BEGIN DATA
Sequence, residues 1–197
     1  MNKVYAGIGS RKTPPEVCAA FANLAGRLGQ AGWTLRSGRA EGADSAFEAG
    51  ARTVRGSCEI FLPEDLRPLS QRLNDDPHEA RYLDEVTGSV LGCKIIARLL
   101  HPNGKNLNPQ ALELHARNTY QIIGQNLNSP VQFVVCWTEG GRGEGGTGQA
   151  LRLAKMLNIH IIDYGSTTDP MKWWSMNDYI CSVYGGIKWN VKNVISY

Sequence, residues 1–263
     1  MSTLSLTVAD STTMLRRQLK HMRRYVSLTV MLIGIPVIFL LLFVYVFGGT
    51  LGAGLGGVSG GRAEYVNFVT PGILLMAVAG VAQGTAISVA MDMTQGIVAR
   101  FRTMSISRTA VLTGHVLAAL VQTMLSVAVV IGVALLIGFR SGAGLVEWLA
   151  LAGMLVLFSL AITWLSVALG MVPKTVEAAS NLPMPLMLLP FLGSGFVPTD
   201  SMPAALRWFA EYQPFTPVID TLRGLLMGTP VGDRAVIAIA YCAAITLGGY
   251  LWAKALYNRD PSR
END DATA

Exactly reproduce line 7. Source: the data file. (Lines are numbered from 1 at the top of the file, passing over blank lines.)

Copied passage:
     1  MSTLSLTVAD STTMLRRQLK HMRRYVSLTV MLIGIPVIFL LLFVYVFGGT